Percussa micro super signal processor

The work by Theo Watson and team has been one of those magical technological revelations that makes people say “oh – that’s what that’s for.”

Say computer vision or tracking, or show the typical demo of what these can do with interaction, and eyes glaze over. But make them work as puppetry, and somewhere deep inside the mechanisms by which us human beings interact with our world, something lights up.

With iteration, that first proof of concept just gets better. Theo writes to share that he and collaborator Emily Gobeille made a second version of the project. In “Puppet Parade,” the Interactive Puppet Prototype 2.0, the barrier between digital realm and human gesture gets a bit thinner.

But don’t just watch the edited demo – see what it looks like in action below, and a brief visual look at how the system works. (Bonus: Theo wrote the tools on which the whole system was based – and shared them with a well-connected global community of hackers via his open source library.)

Description and credits:

Puppet Parade is an interactive installation that allows children to use their arms to puppeteer larger than life creatures projected on the wall in front of them. Children can also step in to the environment and interact with the puppets directly, petting them or making food for them to eat. This dual interactive setup allows children to perform alongside the puppets, blurring the line between the ‘audience’ and the puppeteers and creating an endlessly playful dialogue between the children in the space and the children puppeteering the creatures.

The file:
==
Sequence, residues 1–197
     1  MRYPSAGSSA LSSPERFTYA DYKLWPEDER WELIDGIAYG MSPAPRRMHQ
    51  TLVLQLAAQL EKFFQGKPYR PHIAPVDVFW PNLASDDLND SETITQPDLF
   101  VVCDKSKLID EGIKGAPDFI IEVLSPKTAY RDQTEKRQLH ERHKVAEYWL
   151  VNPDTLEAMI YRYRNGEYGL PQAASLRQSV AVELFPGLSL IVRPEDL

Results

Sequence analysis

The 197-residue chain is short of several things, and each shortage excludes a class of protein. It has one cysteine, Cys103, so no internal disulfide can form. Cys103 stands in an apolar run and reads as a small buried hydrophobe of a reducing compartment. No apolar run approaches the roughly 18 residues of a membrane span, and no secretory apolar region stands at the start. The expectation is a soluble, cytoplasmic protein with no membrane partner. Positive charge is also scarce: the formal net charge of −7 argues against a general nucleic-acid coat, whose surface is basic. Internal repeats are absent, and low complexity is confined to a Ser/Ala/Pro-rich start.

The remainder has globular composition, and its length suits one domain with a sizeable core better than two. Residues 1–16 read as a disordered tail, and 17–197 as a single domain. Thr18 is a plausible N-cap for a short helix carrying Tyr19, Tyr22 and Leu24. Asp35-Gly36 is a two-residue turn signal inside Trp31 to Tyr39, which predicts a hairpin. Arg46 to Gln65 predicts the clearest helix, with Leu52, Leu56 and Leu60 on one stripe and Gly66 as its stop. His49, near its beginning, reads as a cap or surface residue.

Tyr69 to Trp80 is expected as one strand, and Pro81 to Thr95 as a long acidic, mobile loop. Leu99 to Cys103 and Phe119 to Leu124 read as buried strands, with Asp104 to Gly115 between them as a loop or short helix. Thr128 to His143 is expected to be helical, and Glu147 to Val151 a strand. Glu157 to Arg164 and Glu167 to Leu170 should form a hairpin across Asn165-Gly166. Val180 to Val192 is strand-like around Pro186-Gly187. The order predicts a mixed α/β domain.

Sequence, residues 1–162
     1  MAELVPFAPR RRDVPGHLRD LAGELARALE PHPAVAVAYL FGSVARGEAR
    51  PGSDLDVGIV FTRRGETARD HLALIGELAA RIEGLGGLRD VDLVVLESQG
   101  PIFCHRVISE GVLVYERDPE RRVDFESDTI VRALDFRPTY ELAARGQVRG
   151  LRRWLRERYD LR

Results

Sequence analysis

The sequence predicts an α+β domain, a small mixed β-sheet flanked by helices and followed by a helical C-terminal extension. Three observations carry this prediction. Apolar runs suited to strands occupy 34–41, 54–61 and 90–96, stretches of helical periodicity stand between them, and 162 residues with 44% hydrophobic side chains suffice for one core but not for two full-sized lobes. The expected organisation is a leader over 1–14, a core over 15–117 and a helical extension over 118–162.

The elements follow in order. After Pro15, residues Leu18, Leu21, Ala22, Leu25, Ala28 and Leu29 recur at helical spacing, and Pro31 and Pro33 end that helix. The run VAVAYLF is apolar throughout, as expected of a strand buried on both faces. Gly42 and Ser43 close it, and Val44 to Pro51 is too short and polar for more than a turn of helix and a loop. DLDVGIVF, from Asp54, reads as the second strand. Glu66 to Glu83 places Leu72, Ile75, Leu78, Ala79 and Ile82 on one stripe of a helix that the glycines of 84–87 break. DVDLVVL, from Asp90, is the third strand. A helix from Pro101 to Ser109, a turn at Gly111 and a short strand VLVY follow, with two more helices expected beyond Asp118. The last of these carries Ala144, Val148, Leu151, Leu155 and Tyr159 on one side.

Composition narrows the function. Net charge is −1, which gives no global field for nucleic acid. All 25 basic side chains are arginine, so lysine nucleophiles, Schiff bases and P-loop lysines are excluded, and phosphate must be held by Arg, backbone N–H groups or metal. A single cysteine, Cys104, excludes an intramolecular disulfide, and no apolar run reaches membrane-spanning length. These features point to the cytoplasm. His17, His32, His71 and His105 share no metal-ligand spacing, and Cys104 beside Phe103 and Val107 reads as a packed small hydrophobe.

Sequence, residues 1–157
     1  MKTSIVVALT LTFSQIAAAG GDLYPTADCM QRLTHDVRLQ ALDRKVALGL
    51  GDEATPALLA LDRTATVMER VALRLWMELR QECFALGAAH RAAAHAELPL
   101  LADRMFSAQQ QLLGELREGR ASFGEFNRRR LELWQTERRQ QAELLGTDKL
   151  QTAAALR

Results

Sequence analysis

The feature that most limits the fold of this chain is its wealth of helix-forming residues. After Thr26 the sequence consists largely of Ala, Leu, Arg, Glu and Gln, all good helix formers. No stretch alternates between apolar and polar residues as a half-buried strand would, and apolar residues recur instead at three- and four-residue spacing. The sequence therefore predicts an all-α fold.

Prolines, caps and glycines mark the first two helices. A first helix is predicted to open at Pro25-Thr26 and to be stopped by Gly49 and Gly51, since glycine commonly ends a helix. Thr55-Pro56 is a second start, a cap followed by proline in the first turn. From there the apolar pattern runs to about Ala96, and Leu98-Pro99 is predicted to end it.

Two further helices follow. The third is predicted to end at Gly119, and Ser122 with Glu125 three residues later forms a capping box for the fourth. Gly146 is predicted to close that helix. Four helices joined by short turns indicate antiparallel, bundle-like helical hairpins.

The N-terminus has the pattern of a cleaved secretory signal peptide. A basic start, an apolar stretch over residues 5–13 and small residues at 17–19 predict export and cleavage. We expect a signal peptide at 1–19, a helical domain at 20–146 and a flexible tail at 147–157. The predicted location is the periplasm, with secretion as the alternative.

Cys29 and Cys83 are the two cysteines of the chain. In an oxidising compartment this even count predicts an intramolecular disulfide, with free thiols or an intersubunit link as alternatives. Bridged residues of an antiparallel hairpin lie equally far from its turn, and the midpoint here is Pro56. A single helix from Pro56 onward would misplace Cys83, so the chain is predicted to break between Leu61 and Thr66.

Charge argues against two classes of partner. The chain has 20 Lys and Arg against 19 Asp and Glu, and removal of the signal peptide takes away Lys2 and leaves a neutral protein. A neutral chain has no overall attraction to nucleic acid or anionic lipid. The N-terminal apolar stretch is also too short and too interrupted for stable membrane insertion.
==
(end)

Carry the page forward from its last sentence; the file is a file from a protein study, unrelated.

Puppet Parade premiered at the 2011 Cinekid festival in Amsterdam. Puppet Parade is made with openFrameworks and the ofxKinect addon.

Project page: design-io.com/?p=15

Credits:
Project by Design I/O – design-io.com
Exhibited at Cinekid Media Lab 2011 – cinekid.nl
Sound Design by: m-ost.nl
Video by Thiago Glomer / Go Glo – thiagobrazil.blogspot.com

Here’s the live version, unedited, for a better feel of what this project is like in person.

Note the interaction on two planes. (Kyle McDonald, another superstar of the Kinect community, points to this element in comments on Vimeo – thanks, Kyle.)

And for a peek behind the curtain, you can also see the tracking that drives the interaction:

Filip at Creative Applications goes into greater technical detail, in terms of libraries used and other specifics. Two particular tips: motor control allows the system to adjust to different heights, and the depth of field benefits from the use of two cameras.